Summer’s here and that means hiking weather is in prime form. Before you lace up your boots and get to mapping the season’s inaugural sojourn through the woods, however, you might want to take a look at our compendium of the most dangerous hiking jaunts in America.
From nail biter cliff side trails to 231 mile-per-hour wind-afflicted peaks to crime-ridden monuments, sometimes a proverbial “walk in the park” is anything but.
Now we’re not saying you can’t handle it (maybe testing yourself is part of the adrenaline-pumping fun), we just want you to be fully aware of what you’re getting yourself into if you choose to visit one of these destinations.
Here are the most dangerous hiking trails.
Mt. McKinley, Alaska
It’s been reported that, on average, only 52 percent of those who try to climb Mt. McKinley succeed. What that means, essentially, is that one of every two people who sets out to conquer the peak isn’t coming back a winner. Why?
Well, there are actually a couple of very serious, very scary reasons.
First off, just putting yourself in a position to climb Mt. McKinley is kind of a challenge.
While other national parks boast well-groomed trails, Mckinley’s Denali National Park is something of a jungle, forcing would-be McKinley hikers to whack their way through wild terrain while they try to steer clear of bears, moose and other threatening wildlife.
For adventurers who actually make it to the trail head, an icy mountain face and unpredictable weather patterns provide the next serious hurdle.
Since 1932, 106 people have died on the mountain. In 2009, there were 16 rescues and 4 fatalities.
Kalalau Trail, Hawaii
If you’re someone who thinks “pretty” and “life-threatening” are mutually exclusive terms, then it seems that you’ve yet to climb Hawaii’s Kalalau Trail.
Though many are lured to the ascent by its great oceanside beauty and its proximity to Kalalau, one of the world’s most stunning beaches, local tour guides and handbook writers warn of a narrow and unstable trail bed that’s caused many people to fall off course and onto the rocky surf hundreds of feet below.
Despite dangers, scores of curious hikers (locals and visitors alike) make the trip ever year, whether searching for some beachside R&R or a bone-chilling brush with death.
We never knew a trip to Hawaii could be so fraught with tension.
Oh, and we forgot to mention one more fun fact: the climb up the Kalalau trail is 11 miles long. One way.
We figured we should share just in case, you know, the razor thin, ultra-slippery walkways weren’t enough to make you think twice.
Mount Washington, New Hampshire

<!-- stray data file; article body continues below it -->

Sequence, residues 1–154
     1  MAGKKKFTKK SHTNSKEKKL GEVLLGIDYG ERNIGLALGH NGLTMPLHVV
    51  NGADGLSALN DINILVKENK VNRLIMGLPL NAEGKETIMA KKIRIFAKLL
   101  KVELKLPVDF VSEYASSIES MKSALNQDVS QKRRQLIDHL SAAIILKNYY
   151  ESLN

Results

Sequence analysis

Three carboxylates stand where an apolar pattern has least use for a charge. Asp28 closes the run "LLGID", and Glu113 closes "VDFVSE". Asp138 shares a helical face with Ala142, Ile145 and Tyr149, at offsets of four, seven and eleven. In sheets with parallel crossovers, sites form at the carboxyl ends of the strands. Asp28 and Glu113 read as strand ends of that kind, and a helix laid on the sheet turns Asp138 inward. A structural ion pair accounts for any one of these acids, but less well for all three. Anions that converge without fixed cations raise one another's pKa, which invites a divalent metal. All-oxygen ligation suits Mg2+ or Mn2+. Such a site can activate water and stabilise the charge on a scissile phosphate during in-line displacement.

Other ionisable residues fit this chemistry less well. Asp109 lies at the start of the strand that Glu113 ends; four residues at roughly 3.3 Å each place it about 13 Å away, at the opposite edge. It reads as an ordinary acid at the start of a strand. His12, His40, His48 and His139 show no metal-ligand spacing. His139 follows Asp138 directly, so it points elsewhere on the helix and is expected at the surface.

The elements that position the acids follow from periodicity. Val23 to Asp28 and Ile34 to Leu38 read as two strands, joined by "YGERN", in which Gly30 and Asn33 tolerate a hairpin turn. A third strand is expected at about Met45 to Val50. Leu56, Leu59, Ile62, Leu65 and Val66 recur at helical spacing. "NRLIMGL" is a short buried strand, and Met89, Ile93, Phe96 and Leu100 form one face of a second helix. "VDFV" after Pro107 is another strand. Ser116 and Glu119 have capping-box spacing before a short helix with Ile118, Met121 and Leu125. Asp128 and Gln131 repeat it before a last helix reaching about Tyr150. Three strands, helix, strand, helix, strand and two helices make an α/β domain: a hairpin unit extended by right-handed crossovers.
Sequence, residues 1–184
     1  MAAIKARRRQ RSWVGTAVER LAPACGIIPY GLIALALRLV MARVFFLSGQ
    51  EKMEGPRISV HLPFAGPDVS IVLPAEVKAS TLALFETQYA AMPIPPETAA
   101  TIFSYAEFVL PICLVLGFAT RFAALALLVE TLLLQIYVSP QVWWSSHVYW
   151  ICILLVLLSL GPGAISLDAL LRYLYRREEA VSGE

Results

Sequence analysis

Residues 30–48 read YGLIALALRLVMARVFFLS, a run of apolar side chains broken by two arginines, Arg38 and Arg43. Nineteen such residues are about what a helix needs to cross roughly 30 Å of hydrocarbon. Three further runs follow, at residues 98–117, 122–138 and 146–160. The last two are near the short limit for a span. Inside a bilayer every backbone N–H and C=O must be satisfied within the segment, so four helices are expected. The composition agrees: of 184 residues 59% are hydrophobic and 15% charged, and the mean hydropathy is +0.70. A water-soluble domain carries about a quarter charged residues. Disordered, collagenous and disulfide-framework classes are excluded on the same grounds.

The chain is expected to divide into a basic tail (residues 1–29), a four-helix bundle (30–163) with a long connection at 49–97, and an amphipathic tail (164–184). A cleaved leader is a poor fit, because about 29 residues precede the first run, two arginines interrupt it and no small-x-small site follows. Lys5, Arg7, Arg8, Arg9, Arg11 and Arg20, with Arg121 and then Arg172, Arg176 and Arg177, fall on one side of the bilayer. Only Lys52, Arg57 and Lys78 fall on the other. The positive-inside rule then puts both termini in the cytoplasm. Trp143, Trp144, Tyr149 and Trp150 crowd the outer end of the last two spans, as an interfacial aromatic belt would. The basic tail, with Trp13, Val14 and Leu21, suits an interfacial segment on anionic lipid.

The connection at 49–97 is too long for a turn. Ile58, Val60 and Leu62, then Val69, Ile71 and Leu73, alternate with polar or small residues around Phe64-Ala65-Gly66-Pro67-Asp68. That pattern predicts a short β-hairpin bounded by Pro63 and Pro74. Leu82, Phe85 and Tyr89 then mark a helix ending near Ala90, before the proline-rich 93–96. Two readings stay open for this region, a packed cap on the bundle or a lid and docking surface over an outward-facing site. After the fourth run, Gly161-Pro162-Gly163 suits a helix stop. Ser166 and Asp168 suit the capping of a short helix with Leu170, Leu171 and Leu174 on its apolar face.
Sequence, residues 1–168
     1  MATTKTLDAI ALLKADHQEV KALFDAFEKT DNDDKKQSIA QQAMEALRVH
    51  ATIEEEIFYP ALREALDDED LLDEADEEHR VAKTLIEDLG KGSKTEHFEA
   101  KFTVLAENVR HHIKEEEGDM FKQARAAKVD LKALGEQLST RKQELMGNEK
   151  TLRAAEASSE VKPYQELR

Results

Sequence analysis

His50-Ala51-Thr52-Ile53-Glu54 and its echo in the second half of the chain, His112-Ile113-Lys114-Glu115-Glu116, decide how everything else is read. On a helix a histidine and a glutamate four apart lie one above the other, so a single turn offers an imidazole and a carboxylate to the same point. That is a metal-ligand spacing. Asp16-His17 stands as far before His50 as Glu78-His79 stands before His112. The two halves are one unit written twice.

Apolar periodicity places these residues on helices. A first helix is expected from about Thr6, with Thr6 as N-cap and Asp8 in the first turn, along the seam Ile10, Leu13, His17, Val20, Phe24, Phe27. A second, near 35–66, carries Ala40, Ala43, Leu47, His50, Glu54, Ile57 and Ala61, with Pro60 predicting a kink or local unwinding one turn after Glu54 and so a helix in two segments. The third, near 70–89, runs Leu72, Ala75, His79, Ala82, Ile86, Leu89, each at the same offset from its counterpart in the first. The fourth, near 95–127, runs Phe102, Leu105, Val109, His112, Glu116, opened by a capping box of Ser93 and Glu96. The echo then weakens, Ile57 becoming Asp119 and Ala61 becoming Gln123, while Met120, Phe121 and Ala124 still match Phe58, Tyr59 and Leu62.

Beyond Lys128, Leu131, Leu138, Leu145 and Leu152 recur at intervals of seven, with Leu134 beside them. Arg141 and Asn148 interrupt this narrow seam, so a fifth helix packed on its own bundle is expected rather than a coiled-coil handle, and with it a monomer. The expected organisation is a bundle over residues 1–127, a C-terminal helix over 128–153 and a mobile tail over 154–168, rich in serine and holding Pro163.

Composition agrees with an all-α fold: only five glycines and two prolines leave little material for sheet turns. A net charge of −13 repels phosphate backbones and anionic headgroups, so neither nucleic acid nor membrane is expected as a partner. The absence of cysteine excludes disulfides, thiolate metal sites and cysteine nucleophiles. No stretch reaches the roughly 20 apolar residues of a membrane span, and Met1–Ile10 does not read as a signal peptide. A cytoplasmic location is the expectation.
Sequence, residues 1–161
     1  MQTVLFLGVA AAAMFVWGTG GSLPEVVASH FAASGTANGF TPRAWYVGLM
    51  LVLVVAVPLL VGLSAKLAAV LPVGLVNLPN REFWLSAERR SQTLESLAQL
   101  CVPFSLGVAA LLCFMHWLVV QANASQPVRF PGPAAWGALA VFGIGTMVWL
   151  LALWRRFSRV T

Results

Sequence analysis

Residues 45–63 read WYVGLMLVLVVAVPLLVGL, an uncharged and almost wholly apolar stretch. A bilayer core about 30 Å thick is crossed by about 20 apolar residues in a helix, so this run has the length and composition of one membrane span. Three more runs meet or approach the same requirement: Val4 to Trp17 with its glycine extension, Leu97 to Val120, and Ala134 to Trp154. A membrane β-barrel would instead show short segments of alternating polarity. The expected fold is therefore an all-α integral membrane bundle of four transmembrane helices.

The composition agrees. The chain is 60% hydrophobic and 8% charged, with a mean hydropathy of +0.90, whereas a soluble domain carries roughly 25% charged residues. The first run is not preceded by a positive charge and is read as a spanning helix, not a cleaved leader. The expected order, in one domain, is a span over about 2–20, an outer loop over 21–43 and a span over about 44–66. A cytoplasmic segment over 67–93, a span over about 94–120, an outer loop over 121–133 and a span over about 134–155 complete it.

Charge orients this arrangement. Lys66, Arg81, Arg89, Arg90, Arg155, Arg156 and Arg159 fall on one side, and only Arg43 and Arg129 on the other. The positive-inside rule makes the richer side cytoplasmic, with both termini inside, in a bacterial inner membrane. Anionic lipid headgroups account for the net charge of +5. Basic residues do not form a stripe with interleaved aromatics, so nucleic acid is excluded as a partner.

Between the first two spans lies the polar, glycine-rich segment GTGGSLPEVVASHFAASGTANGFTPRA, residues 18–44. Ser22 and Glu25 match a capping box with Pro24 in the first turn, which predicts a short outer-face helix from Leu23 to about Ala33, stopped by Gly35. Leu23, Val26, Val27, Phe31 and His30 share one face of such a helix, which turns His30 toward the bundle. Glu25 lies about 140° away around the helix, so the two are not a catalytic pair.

There’s a whole lot going on at New Hampshire’s Mount Washington. Like Mt. McKinley, it boasts several layers of danger, each of which would, on its own, be enough to keep most people to the restaurants and shops lining the pretty coastal town of nearby Portsmouth.
First, it’s windy. It’s really windy. In 1996, one of the strongest wind gusts ever clocked on the Earth’s surface took place on Mount Washington’s face. How fast is fast?
Try 231 miles-per-hour. While that exact speed may have been an anomaly, hurricane-force gusts are certainly not.
In fact, such vicious winds are estimated to batter the 6,288-foot-high peak about a third of the year. If the prospect of blowing away like Dorothy isn’t enough to give you pause, maybe it’s other two dangers will.
In addition to the wind, Mount Washington has persistent ice-cold precipitation and an active on-site volcano.
Victoria Mine Trail, Arizona
We Adrenalists are used to weighing the probabilities of bear attacks, hundred-mile-per-hour wind gusts, slippery rock faces and the like.
One potential danger we’re less accustomed to accounting for is crime. Especially in the great outdoors, where we often don’t expect there to be another human being for miles and miles.
It seldom crosses our minds to think that inside and around bastions of great natural beauty could lurk criminals.
Sadly, that’s the case at Victoria Mine Trail, located at the Organ Pipe Cactus National Monument. Due to its proximity to the Mexican border, Victoria Mine Trail is often a rallying point for gang members.
The National Park Service warns hikers not to veer off the main path, lest they encounter ruthless members of this faction.
Even if you’re the most hardened daredevil, it would be best to heed any and all warnings associated with this trail. Some dangers just aren’t worth the thrill.
Pikes Peak, Colorado
It almost doesn’t matter that Pikes Peak has a jaw-dropping elevation of 14,115 feet, or that, to reach the top, one must embark on a 13-mile-long, on-foot trek where the air is only about 60% as oxygen rich as it is at sea level.
Finally, it almost doesn’t matter that thunderstorms are as common as the 100 mile-per-hour winds that accompany them or that temperatures rarely get above 40 degrees Fahrenheit. Know why?
Because this very mountain is where Big Foot’s rumored to live.
In this easternmost point of the Rockies, the conditions are among the roughest of any trail we’ve seen or heard about, and that’s something to respect on its own, without taking into account any mountain folklore. Still, the legend lurks.
Is Big Foot’s existence a myth? Maybe. We guess you have to ask yourself, “how willing am I to find out?”